In the upper triangular region of the membrane loudspeaker shown in FIG. 1, even though the foil conductors are bonded to a common membrane, each conductor behaves somewhat as a separate loudspeaker driver. The length of each conductor/driver across the opening in the support determines the maximum desired wavelength of reproduced frequencies for that conductor. Both the span length and the combined masses of the foil, MYLAR, and adhesive determine the natural resonant frequency of that individual conductor/driver. The output of the conductor/driver is maximum at this resonant frequency. At some frequency above resonance, output will be attenuated due to the mass and stiffness (damping) of the conductor, membrane, and adhesive. Frequencies below resonance are attenuated because they are below the resonant frequency.
Because the resonant frequency is inversely proportional to the square root of the mass, the mass of each conductor/driver can be selected so as to create a resonant frequency equal to or above the frequency corresponding to the length of the span at that conductor. The mass of each conductor/driver can be tailored by changing the width and/or thickness of the foil, as well as changing the thickness of the MYLAR and/or the thickness of the adhesive layers, so that the low frequency limit dictated by each span length is never exceeded.
As the apex of the membrane opening is approached, conductor lengths are shorter, resulting in proportional increases in the resonant frequencies of the corresponding conductors. However, for the more delicate very high frequencies, the inherent stiffness of the membrane/conductor materials may become significant, damping the output of the conductors. A further reduction in mass may be used to compensate for this retarding stiffness in order to produce adequate high frequency output. For example, the conductor strips may be progressively reduced from single 3/16" wide strips in the 2 KHz region to three paralleled 1/16" wide strips in the highest frequency region.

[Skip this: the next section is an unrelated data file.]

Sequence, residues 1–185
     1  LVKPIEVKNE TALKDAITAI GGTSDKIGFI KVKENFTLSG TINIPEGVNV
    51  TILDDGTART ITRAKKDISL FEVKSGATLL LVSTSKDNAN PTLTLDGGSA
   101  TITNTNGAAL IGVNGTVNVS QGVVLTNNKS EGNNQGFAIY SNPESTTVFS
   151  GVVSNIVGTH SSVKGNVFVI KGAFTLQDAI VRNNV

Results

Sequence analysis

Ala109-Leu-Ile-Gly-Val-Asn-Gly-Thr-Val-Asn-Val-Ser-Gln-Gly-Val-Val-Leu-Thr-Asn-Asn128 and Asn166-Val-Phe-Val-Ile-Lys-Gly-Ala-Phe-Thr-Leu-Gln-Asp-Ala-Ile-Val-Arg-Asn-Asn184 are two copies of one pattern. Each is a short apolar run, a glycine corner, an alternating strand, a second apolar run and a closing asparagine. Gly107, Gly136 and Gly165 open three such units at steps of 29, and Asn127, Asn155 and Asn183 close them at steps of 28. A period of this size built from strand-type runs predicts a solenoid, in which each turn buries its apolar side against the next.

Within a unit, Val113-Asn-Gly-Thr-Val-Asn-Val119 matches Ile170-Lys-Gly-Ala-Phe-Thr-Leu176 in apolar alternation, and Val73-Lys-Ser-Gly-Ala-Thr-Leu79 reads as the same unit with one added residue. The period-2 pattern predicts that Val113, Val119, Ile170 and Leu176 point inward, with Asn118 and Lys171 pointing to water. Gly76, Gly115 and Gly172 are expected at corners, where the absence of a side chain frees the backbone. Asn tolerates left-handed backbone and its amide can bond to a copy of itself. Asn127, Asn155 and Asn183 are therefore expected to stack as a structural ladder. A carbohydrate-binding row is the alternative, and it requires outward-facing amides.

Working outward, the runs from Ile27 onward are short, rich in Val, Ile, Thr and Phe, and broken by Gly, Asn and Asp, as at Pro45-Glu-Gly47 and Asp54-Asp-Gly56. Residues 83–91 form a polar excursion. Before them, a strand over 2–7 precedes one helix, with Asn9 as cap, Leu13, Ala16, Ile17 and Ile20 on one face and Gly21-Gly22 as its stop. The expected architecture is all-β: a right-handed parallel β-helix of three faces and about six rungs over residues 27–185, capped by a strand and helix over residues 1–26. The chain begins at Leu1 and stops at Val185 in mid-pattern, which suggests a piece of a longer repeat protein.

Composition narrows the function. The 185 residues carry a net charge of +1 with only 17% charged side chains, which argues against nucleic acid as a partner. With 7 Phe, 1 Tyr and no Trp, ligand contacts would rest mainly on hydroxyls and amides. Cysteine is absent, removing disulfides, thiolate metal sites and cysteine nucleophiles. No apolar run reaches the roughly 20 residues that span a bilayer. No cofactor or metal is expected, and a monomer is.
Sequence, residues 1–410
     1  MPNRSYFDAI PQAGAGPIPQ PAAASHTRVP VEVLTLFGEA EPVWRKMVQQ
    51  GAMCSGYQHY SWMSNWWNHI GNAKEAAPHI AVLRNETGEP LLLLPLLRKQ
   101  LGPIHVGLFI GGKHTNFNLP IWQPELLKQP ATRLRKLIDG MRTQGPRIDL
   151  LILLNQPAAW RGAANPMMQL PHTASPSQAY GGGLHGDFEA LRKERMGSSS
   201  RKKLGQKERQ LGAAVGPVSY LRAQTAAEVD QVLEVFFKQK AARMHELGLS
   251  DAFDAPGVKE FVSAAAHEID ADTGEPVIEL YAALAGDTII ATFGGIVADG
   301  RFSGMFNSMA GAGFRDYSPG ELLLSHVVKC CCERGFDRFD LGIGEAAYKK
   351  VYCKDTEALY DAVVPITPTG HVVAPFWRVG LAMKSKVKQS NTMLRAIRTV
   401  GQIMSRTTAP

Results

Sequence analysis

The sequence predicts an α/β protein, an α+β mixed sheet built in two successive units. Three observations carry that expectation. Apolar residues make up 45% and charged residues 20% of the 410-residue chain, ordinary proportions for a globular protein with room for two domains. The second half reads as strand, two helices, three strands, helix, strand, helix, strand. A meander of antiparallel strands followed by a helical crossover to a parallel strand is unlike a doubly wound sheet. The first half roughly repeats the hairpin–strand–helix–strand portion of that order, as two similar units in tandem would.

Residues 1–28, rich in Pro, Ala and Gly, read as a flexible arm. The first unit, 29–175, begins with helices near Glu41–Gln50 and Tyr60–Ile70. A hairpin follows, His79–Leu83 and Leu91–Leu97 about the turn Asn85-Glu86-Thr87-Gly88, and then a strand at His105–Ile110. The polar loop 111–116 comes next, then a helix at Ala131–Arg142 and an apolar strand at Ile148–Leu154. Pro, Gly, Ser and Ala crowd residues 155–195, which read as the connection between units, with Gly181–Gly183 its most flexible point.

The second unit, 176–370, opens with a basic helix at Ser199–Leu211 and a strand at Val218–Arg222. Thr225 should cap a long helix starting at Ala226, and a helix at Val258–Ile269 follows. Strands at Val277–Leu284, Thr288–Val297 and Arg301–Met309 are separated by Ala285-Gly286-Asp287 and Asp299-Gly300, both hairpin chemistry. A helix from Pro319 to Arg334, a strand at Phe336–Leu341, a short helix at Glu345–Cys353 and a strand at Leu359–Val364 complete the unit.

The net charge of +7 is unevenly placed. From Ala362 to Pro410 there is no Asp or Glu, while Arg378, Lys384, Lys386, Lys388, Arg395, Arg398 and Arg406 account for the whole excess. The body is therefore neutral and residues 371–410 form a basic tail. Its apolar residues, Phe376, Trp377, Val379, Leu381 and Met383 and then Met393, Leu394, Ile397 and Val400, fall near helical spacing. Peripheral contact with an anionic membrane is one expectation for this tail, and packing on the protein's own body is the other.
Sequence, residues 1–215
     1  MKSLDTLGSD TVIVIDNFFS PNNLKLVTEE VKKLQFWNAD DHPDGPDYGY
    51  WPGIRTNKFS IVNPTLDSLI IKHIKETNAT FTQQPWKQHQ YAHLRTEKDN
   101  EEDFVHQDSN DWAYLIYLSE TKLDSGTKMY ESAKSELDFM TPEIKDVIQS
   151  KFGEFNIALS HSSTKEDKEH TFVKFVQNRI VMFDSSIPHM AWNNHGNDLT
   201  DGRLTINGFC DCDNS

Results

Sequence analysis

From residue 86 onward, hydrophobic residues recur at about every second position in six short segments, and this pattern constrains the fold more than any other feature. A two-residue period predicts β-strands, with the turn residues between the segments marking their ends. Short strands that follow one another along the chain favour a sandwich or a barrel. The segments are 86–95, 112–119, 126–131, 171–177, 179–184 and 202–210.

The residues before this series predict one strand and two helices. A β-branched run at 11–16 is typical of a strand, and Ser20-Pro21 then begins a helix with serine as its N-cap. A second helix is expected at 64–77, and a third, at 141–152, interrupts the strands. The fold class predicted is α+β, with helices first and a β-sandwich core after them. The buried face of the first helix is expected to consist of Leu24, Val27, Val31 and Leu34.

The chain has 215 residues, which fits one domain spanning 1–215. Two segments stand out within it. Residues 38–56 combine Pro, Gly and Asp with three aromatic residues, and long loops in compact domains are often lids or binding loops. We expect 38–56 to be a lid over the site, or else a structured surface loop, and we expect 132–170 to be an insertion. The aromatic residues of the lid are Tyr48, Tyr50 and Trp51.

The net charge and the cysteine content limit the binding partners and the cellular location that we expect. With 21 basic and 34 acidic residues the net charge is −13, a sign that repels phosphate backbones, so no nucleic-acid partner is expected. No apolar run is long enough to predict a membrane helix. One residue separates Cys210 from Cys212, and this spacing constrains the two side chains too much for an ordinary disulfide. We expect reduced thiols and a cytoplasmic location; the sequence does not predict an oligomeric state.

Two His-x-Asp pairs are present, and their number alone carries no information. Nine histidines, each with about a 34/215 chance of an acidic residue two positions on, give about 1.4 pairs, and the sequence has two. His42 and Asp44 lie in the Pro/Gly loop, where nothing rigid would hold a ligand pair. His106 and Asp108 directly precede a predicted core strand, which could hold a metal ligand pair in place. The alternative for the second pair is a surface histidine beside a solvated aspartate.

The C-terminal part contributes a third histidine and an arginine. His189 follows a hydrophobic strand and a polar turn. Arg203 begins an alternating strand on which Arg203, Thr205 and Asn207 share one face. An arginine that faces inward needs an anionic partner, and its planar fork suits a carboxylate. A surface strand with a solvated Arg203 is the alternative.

There is shown in FIGS. 6 a polar response pattern for the loudspeaker according to the invention at frequencies of 4, 6, 8, and 10 KHz. In order to provide three-dimensional sound, the operating frequency must be above 1400 Hz. It is noted on the response patterns of FIG. 6 the general steepness of the sides of the patterns and the absence of fringe lobes. These features allow more precise orientation of the speakers relative to the sides of a listener's head, providing extremely wide separation at higher frequency. All of these features contribute to three-dimensional sound output. With the unique configuration of the membrane conductor strips relative to the support opening, the loudspeaker according to the present invention meets the teaching of mandatory directionality of frequencies above 1400 Hz. That is, with played-back sound images from the loudspeaker according to the invention, the images are all in their correct three-dimensional locations including positions out to the sides of the listener, up and down, moving toward the listener's face as well as moving away from the listener's head around and above the head, etc.
As set forth above, three-dimensional imaging is not limited to membrane type loudspeakers. In loudspeakers 200 with conical drivers, 202 as shown in FIG. 7 the drivers should be lightweight and rigid for best performance. These drivers are formed for example of polypropylene or carbon fiber.